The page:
Earlier this month, cryptocurrency exchange CoinSwitch Kuber became India’s second crypto unicorn and the most valuable at $1.9 billion valuation with the latest investment round of over $260 million, as announced by the company. In August this year, another crypto exchange CoinDCX had announced a $1.1 billion valuation with its Series C round of $90 million.
CoinSwitch Kuber said it raised its Series C round from Andreessen Horowitz (a16z), Coinbase Ventures and existing investors including Paradigm, Ribbit Capital, Sequoia Capital India, and Tiger Global. The startup said it achieved unicorn status in “just 14 months of operations in the country”.
Evidently, the space holds immense promise. As per latest industry reports by Allied Market Research, the global cryptocurrency market was valued at $1.49 billion in 2020, and is projected to reach $4.94 billion by 2030, growing at a CAGR of 12.8% from 2021 to 2030.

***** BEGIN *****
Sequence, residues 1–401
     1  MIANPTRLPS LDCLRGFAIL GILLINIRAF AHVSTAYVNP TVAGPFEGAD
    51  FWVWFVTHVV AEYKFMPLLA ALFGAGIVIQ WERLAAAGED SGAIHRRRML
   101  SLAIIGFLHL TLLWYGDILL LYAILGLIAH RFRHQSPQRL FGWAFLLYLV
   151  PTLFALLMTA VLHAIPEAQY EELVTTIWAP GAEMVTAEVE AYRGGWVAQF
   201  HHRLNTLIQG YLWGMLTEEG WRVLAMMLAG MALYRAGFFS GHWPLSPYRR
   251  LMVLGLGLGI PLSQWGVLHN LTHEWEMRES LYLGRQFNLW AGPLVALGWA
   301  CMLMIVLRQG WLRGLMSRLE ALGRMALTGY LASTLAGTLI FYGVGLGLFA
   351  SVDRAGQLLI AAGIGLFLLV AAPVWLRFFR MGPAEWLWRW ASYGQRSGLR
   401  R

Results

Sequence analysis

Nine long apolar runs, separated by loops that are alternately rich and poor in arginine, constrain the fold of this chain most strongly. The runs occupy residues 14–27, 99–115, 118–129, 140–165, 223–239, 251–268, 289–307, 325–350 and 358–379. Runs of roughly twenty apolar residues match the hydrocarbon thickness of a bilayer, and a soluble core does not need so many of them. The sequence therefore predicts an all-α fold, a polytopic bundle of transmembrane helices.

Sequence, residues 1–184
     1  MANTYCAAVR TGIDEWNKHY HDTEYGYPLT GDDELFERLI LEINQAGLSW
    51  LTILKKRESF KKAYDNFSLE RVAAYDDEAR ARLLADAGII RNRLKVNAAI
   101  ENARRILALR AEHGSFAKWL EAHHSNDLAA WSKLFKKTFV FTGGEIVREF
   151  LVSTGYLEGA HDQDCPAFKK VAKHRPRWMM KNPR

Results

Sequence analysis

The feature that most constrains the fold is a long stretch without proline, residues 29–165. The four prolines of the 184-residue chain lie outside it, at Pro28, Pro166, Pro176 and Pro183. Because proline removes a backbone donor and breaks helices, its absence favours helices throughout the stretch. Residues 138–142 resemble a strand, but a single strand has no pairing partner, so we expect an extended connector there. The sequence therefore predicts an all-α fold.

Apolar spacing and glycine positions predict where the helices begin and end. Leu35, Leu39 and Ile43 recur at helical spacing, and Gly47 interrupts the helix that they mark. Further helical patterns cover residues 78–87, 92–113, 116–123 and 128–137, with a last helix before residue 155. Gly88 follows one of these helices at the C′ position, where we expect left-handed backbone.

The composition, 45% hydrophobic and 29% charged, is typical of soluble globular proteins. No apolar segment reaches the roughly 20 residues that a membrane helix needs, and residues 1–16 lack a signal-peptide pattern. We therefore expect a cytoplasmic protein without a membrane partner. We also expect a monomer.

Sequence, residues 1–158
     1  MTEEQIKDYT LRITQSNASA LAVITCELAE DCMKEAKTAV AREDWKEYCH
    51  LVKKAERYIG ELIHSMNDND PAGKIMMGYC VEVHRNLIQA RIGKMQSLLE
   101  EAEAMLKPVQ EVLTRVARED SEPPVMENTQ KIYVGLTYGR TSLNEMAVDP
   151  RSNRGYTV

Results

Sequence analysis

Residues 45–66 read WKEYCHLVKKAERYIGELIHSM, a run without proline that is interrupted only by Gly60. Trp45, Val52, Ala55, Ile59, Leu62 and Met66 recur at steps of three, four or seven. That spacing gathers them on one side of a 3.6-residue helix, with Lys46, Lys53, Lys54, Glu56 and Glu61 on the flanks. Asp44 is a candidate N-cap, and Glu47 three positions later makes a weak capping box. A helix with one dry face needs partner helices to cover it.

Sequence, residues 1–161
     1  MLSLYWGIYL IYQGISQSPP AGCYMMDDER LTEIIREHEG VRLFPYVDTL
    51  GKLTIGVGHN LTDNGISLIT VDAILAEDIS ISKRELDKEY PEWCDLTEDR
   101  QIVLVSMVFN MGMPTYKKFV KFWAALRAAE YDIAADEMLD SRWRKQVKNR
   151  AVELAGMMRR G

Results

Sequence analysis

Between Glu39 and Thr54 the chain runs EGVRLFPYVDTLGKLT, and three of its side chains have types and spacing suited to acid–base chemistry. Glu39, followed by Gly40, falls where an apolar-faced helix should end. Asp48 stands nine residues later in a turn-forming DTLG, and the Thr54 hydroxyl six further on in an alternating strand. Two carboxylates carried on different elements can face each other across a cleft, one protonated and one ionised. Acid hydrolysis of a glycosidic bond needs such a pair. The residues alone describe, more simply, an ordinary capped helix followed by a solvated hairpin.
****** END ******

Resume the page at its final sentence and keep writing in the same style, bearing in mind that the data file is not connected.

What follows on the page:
Amid the Covid-19 pandemic, there has been a significant insurgence in the crypto market, especially in India. According to NASSCOM’s recent report, the Indian cryptocurrency market has been growing exponentially over the last few years and is expected to reach up to $241 million by 2030 in India and $2.3 billion by 2026 globally. “This can be attributed to people looking for alternative sources of investment, growing Internet penetration and people losing faith in the traditional financial ecosystem. People are now perceiving cryptocurrency as both ‘digital currency’ as well as ‘an alternative to traditional investment mediums’,” says Tarusha Mittal, COO and co-founder of OroPocket, a New Delhi-based fintech solution that tokenises real-world assets such as gold, silver, and other precious metals.